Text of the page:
Bush is banking on that connection — and on Rutabaga’s depth in a wide variety of watersports categories — to continue to grow sales.

“As far as opportunities, I can’t tell you what categories are magic bullets. I mean, everyone wants the newest thing to boost sales,” he says. “I think our best option right now is to buckle down and sell the categories we know and love.”

Bush says he’s not necessarily looking for the next hot item as much as he is the right kinds of products. “Categories aren’t important as much as features — we see a strong trend towards lighter and more comfortable,” Bush says. “As the bell curve shifts older, so do our customers, and they want to be able to paddle and do so comfortably.”

And features trump price, he adds.

“Not everyone needs the lightest and most comfortable, but if they do, we’ll happily explain why it’s a good value if not a low price. It’s all about dollars per times used,” he says. “The most expensive kayak is the $299 kayak-shaped object from Costco that gets used once because it’s such a piece of garbage.”

Maybe nothing better exemplifies Rutabaga’s point of view than Canoecopia. An event that started as a few vendors with trailers in front of the store now attracts more than 20,000 attendees who come to learn about all things paddle and outdoor related. There are more than 180 seminars across the show’s duration covering topics as diverse as travel, beginner’s and family info, conservation, and art and music. And at the heart of it, it’s a chance for them to check out the latest boats and watercrafts in 250,000 square feet of exhibition space and pass the time with fellow paddlesports lovers.

Rutabaga brings on some 150 people to put on the event and closes the store in preparation. It’s not a discounting event: Vendors typically offer a show special of 10 or 15 percent (not nothing, especially on a four-figure boat purchase, but not a loss leader, either), and Bush says that’s by design.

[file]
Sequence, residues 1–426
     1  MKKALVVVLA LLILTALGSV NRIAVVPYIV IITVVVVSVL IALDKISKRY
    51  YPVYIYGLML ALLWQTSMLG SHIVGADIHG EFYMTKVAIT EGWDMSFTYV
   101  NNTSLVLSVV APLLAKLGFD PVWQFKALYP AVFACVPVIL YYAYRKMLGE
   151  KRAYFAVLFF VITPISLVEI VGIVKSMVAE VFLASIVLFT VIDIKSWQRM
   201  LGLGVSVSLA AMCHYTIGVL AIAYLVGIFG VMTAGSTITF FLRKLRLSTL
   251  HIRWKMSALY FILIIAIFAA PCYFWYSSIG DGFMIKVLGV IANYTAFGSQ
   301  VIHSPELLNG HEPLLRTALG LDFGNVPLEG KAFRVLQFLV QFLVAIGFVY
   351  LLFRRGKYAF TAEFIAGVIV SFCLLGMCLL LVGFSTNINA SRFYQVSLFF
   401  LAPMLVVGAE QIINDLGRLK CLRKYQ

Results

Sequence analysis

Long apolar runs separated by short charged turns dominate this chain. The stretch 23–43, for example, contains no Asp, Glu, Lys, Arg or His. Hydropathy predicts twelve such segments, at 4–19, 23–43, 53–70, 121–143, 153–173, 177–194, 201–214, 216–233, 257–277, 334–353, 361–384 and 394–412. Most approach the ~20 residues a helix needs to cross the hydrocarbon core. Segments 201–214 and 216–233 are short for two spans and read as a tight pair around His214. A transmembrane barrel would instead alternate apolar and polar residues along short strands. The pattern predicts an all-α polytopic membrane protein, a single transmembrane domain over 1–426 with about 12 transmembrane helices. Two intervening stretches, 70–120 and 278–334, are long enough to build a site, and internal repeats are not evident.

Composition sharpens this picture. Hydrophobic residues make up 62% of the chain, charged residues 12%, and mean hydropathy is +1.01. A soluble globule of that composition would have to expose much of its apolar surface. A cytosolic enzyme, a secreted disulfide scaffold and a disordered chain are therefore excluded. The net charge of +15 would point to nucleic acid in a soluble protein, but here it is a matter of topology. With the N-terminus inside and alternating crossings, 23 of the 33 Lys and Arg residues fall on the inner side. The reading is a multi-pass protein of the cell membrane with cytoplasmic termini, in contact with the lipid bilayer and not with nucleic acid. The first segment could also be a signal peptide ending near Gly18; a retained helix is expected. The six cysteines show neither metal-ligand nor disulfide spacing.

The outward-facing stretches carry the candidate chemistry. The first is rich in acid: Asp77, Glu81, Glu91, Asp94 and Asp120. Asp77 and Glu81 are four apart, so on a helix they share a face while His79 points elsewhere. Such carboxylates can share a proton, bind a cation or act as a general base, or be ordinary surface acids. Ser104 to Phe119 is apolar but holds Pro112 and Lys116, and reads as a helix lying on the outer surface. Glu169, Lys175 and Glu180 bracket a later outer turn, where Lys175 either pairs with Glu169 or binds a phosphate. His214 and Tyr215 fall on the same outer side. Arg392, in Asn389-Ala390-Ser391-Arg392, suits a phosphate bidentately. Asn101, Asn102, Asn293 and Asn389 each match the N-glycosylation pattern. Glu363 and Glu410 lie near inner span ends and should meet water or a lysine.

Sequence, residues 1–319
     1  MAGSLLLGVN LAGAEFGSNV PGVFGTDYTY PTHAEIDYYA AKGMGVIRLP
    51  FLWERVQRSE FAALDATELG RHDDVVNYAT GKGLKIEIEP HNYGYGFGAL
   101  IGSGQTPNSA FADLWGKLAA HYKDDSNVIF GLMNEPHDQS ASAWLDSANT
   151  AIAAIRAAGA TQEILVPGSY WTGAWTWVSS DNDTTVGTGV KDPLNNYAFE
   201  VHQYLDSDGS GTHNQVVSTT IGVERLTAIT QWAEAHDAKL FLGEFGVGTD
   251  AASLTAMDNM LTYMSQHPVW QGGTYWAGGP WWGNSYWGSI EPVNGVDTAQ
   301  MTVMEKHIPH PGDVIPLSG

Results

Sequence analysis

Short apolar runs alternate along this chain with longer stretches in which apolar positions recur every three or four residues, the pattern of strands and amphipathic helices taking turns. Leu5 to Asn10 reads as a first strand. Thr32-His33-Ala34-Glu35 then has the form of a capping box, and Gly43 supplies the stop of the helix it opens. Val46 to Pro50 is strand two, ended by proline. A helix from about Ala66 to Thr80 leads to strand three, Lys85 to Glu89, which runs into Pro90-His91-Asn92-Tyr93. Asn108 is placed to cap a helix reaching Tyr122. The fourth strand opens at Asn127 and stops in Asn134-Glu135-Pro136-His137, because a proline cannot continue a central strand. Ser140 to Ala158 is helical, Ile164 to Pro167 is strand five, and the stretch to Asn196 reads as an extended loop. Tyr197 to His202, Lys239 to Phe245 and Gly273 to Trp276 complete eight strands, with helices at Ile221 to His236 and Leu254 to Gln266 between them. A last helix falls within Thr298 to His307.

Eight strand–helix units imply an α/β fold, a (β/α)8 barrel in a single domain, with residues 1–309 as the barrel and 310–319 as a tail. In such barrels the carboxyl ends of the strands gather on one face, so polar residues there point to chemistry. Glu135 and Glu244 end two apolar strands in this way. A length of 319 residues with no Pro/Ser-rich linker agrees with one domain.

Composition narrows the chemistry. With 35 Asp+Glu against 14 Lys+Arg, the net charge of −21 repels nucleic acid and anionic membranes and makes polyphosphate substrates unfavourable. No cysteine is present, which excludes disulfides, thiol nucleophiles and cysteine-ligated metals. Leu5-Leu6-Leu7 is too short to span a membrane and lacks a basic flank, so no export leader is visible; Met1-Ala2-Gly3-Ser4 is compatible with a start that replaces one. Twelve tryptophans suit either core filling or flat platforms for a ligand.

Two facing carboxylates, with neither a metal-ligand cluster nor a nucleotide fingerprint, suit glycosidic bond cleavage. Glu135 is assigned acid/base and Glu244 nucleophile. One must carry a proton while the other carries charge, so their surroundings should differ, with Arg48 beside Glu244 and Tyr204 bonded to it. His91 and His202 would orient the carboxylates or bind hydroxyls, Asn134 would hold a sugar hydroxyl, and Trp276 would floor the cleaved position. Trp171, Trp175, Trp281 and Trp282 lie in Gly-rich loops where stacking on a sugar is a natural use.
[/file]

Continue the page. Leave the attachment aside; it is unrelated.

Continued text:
“Does that mean we don’t sell boats and paddling gear? Of course not, it’s a big part of our business. [But] we don’t push sales; we push a quality event that gets better every year, with a discount as a thank you to our customers. We give them gear and know-how, they give us funds so we can keep giving them gear and know-how.”

Expanding the love of watersports to new faces — and especially to the next generation — is also a main thrust of the Outdoor Programs division of the business.

“Virtual recreation is what will kill us if we don’t get kids off the tablet and outside in the dirt where they belong,” Bush says. “That’s why we have Rutabaga Outdoor Programs, and why we have a large part of that devoted to kids, including a scholarship fund for kids who can’t otherwise afford our programs.”

Bush says those personalized recommendations and straight shooting help Rutabaga compete in a crowded marketplace.

“Box stores nibble around us and certainly take a few sales with off-pricing and the temptation of a rebate, of course. I can’t do anything about that — I can’t beat their marketing in the traditional sense. I can’t match their pricing every time their algorithm says drop it,” he says. “But what we can do is love our customers. They can’t.”